A reader asked why I havent written much about the election.  How can I, as a supporter of the public sector, not engage in what is being considered one of the greatest elections in our history?

The reason is simple: I care more about local politics.  Our political system is so complex and so decentralized and our country so diverse that local politics often have a greater bearing than national ones.  This is not to say the selecting the next Commander-In-Chief is not an issue to take seriously.  However, the amount of importance people put on the presidency eclipses the changes of power that happen every day in your city.

My passion rests with issues like education and affordable housing.  So when both candidates in the last debate argued in support for charter schools, I wondered if they realized that charter schools do not out perform regular public schools, so more is needed than just their existence.   Additionally, the government’s attempts at addressing educational equality in the form of headstart and NCLB have been failures.  The only people who know this are the people are living it on the ground floor.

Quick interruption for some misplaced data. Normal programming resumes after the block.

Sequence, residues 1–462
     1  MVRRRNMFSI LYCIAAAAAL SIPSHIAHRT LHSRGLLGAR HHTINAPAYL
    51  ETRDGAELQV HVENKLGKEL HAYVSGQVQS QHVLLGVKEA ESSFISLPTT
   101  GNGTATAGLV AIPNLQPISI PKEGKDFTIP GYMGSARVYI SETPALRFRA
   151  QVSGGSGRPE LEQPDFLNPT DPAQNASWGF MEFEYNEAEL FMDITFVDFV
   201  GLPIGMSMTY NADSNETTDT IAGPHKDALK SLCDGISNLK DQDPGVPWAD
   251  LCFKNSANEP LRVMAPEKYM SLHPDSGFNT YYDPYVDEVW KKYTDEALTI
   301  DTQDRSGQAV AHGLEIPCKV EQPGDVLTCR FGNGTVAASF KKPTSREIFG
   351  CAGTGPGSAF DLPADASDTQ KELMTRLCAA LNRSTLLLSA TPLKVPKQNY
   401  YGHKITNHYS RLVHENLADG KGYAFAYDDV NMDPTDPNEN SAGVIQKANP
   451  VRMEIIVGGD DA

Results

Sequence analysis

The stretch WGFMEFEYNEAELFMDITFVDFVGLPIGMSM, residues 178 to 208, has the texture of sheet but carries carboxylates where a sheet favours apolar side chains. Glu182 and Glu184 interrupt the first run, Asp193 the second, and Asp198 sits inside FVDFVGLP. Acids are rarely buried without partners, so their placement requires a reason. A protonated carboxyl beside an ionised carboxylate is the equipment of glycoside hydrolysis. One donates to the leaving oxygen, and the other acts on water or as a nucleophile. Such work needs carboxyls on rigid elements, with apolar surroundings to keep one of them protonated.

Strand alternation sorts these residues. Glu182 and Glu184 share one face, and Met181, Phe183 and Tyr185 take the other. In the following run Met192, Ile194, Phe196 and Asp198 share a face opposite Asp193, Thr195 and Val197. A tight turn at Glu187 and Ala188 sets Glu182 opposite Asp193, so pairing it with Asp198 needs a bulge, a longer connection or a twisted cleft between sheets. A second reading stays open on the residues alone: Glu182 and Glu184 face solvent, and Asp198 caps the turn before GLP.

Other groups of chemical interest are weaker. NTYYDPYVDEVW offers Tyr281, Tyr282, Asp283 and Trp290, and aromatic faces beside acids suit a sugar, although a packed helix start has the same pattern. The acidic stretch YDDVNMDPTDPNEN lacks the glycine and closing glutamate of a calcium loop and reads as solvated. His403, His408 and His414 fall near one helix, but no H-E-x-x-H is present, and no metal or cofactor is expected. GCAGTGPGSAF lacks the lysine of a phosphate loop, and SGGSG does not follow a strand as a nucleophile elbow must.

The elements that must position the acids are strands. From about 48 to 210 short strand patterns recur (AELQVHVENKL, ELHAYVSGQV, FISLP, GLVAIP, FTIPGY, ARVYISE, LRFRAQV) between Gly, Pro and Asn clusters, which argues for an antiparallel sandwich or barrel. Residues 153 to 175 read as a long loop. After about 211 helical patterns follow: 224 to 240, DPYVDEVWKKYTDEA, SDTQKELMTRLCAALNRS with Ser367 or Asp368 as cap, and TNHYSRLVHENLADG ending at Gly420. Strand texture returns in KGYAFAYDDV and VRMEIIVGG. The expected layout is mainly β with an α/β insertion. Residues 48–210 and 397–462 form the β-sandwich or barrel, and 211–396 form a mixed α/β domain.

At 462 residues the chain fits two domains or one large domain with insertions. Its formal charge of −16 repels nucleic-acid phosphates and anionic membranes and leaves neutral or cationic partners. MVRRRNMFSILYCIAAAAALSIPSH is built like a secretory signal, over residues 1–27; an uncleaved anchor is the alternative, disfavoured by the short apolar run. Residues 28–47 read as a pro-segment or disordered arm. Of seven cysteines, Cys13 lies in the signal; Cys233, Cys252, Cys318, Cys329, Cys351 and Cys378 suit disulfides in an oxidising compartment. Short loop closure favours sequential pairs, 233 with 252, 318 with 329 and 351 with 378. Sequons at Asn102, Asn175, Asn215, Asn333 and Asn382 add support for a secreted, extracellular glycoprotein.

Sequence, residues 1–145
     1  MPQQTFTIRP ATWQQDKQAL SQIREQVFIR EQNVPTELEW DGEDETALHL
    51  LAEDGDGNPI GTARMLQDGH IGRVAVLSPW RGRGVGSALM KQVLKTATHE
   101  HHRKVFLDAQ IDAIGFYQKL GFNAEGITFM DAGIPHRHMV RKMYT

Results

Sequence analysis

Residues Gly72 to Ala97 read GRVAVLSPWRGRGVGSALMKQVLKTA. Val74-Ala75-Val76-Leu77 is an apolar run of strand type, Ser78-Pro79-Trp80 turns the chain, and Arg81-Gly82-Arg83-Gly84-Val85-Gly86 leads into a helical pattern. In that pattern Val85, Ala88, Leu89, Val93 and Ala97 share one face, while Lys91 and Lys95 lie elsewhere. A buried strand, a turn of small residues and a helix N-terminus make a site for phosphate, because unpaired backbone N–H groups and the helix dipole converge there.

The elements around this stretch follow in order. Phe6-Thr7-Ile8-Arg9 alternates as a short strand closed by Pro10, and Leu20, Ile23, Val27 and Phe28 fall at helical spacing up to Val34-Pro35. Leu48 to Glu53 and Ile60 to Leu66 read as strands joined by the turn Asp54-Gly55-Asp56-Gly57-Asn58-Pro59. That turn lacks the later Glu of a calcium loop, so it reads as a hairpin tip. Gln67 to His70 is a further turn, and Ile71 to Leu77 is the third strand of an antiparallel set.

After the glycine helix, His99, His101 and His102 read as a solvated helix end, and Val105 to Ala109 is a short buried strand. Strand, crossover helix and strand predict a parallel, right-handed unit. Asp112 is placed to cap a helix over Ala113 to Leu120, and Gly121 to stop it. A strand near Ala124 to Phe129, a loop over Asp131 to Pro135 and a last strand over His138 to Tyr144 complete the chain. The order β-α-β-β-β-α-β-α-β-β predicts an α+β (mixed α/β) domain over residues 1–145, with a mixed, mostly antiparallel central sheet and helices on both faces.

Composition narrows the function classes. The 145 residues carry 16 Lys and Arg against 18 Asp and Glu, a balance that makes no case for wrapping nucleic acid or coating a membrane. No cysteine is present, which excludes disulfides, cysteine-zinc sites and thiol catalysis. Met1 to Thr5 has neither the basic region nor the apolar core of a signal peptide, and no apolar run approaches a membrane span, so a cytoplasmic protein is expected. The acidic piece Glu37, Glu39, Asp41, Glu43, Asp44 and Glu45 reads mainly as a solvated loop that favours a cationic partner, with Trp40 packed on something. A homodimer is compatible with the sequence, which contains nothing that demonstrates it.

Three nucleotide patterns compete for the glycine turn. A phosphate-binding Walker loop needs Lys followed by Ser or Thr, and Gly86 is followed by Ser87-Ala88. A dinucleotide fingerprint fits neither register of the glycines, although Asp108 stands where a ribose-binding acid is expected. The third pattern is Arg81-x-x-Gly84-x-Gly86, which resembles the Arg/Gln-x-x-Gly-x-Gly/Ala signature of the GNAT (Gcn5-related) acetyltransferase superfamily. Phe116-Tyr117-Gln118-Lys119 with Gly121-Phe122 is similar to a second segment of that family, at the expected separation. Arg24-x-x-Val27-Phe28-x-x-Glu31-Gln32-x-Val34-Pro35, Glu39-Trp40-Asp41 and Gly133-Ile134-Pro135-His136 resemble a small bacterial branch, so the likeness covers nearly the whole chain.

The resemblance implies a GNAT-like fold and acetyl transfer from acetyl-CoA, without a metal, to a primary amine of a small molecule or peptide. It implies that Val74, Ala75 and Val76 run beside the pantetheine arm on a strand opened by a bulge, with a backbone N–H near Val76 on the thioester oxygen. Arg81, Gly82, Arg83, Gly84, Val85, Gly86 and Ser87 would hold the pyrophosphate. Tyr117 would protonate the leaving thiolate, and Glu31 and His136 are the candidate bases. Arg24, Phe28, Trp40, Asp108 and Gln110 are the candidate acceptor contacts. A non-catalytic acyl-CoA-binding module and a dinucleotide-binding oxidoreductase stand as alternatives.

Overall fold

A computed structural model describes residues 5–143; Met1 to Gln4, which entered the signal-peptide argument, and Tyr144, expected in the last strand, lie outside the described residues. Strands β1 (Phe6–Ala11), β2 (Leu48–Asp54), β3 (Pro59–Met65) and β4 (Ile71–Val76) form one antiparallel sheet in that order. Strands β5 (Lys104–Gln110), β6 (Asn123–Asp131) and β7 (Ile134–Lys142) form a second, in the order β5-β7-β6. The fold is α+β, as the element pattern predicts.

I get angry when I see low-income housing not because I hate people who are poor but because I wonder if politicians realize that concentrating poverty only exacerbates its problematic effects.  Sure, the creation of low income housing is wonderful, but its location has even greater economic and social consequences, especially when we acknowledge that black neighborhoods tend to shoulder a greater share of low income housing.  And once again, only those engaging with this regularly can best express what is happening.

So I turn to my local congressmen and local government employees.  I expressed outrage at Bloomberg’s antics because quite frankly he has more say in the running of our city than the president.

However, if there is one thing this financial crisis has done is it has demanded that we pay attention to how our federal government operates.  Jumping in to save Wall Street we have had to look closely at who does what in what branches and surprisingly it’s the appointed and hired employees who do more than the elected officials.

So go vote, but keep an eye out on what happens locally and hold your local officials just as accountable as you hold the president.